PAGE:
Since when is St. Louis not playing his natural position? He didn’t move to right tackle until he got to Miami, he played left tackle throughout highschool... Same with Donaldson he’s been a right tackle and was only at guard due to Miami wanting the best 5 in the game, you had 2 capable tackles and needed someone to play guard so you put Donaldson there. Plus freshman or not if they can play they can play period. Had Scaife been 6’5 or 6’6 coming out of highschool he might have ended up as a top 50 recruit given how dominant he was.

And I agree We do need to land those guys you mentioned.
Last edited:
The OL situation is alarming. Both tackles aren't playing their natural position. (RT for Louis and Donaldson for G). To make things worse we have 3 freshmen in the 2 deep. We need to land Neal and Tarquin, and follow it up with 2 more bluechip OT's the following year.
Neal & Tarquin will be Freshman when they get on campus.

If it's bad that we have 3 Frosh in the 2 deep this year, then what's so different about adding those Freshman next year?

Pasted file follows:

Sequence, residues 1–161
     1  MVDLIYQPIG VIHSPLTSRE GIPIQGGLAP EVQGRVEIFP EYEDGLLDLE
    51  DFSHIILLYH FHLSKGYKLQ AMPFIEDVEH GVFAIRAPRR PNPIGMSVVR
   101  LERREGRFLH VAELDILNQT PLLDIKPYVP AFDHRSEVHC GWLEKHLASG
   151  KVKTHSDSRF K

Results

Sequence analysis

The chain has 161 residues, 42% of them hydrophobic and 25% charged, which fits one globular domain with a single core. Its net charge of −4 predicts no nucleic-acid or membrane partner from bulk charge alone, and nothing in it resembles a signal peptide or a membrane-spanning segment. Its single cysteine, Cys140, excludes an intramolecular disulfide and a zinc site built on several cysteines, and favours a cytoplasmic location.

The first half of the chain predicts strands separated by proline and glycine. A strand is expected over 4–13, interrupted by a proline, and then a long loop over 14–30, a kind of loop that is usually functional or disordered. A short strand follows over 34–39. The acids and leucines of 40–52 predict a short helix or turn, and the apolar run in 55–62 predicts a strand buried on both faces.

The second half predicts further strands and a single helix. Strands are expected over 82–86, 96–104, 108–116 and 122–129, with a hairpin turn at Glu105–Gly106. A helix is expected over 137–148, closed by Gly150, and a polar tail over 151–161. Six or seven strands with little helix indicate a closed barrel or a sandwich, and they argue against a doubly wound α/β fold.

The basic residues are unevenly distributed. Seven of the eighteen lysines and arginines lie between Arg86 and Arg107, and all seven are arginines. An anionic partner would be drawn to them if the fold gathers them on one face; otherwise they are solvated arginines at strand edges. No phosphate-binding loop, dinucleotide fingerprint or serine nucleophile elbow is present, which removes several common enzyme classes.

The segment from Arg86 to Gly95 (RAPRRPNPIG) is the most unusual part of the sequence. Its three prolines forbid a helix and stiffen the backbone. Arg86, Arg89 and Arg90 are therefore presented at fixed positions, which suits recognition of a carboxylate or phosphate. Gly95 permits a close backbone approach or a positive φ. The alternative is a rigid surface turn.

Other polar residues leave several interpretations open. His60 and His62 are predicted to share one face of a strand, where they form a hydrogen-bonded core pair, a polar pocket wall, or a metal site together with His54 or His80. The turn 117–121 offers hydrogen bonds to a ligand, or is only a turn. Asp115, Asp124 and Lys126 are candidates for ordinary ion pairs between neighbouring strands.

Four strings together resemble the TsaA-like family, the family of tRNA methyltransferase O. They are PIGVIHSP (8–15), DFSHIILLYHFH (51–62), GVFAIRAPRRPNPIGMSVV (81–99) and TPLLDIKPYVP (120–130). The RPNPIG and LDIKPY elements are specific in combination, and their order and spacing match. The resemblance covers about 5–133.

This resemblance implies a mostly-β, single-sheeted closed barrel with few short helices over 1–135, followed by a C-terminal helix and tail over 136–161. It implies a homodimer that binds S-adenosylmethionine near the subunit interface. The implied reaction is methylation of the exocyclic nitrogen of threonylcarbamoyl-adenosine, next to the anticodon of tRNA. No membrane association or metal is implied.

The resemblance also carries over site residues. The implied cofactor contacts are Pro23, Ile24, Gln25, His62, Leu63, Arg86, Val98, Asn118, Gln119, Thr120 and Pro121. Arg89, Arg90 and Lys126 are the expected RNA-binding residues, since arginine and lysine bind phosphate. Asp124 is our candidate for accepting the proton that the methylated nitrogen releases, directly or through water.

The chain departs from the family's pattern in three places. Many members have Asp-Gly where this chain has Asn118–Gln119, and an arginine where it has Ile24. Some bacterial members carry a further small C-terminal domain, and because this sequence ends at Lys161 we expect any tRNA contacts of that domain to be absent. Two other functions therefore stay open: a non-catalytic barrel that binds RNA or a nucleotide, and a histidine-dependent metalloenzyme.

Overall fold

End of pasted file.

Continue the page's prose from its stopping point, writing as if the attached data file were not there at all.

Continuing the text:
Running on 3rd down and just 3rd down execution needs to improve in general. If you actually look through the numbers and or go back and watch the games yes while Miami struggled running the ball vs clemson, pitt and unc they had some really performances against almost all of the rest of the teams we played which you wouldn’t know given how some talk about the oline. **** in the bowl game Miami outrushed Wisconsin and averaged over 6.0 ypc against the #2 defense in the country.

Miami was terrible a year ago on 3rd down in both passing and running the ball however in most of the games we didn’t struggle to rush the ball. 3rd down play will take our offense to another level if we improve period. This article listed below goes in more detail.

“In 2017, even after losing Mark Walton early on, the Hurricanes ranked 22nd in rushing S&P+ and gained at least five yards 43.5% of the time (13th), with a 43.4% success rate (56th) and 1.11 IsoPPP (9th). The run blocking played a big role in that ability to maintain success in the face of adversity, with an adjusted line yard ranking of 27th, creating 3.05 line yards per standard down carry (44th), and 3.69 per carry on passing downs (27th). Three starters return from that group, led by 2017 All-ACC guard Navaughn Donaldson, with a combined 47 career starts between them.”
Last edited: